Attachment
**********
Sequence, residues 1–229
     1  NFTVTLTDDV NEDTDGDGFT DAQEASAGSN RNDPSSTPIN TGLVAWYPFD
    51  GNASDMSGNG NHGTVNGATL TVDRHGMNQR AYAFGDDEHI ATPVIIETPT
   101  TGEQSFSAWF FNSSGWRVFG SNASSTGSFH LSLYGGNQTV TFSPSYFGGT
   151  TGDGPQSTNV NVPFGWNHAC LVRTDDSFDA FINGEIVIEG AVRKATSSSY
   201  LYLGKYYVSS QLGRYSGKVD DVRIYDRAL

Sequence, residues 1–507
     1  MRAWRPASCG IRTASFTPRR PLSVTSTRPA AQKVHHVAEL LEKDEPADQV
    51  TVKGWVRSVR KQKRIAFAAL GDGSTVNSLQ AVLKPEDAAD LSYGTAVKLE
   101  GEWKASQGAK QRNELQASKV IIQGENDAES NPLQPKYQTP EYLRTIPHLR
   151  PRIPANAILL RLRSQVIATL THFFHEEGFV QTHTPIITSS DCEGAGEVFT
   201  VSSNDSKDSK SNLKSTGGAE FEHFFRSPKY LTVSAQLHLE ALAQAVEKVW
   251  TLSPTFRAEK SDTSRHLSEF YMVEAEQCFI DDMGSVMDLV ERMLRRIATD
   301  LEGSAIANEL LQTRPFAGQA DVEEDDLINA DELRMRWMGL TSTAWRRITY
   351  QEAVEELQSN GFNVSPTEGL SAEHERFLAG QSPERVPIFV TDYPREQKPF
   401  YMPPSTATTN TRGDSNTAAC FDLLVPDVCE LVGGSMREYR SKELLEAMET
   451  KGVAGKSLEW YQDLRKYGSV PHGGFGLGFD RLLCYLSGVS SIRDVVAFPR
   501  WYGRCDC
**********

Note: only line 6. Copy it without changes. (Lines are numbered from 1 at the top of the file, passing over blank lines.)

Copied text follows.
   201  LYLGKYYVSS QLGRYSGKVD DVRIYDRAL